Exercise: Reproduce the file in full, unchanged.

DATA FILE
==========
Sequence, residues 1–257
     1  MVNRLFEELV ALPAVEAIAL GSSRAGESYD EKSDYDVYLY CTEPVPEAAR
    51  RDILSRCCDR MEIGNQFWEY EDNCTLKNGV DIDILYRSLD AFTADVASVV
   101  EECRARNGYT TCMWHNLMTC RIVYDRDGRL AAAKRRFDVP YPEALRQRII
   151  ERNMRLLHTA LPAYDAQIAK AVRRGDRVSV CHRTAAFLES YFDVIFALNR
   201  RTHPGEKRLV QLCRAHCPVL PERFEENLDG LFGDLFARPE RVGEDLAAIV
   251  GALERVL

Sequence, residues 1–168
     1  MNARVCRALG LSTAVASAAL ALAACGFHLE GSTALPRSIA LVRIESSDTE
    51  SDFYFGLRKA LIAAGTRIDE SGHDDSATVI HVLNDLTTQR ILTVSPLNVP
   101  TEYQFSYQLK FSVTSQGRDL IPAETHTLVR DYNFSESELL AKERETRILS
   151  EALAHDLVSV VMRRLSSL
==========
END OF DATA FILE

Sequence, residues 1–257
     1  MVNRLFEELV ALPAVEAIAL GSSRAGESYD EKSDYDVYLY CTEPVPEAAR
    51  RDILSRCCDR MEIGNQFWEY EDNCTLKNGV DIDILYRSLD AFTADVASVV
   101  EECRARNGYT TCMWHNLMTC RIVYDRDGRL AAAKRRFDVP YPEALRQRII
   151  ERNMRLLHTA LPAYDAQIAK AVRRGDRVSV CHRTAAFLES YFDVIFALNR
   201  RTHPGEKRLV QLCRAHCPVL PERFEENLDG LFGDLFARPE RVGEDLAAIV
   251  GALERVL

Sequence, residues 1–168
     1  MNARVCRALG LSTAVASAAL ALAACGFHLE GSTALPRSIA LVRIESSDTE
    51  SDFYFGLRKA LIAAGTRIDE SGHDDSATVI HVLNDLTTQR ILTVSPLNVP
   101  TEYQFSYQLK FSVTSQGRDL IPAETHTLVR DYNFSESELL AKERETRILS
   151  EALAHDLVSV VMRRLSSL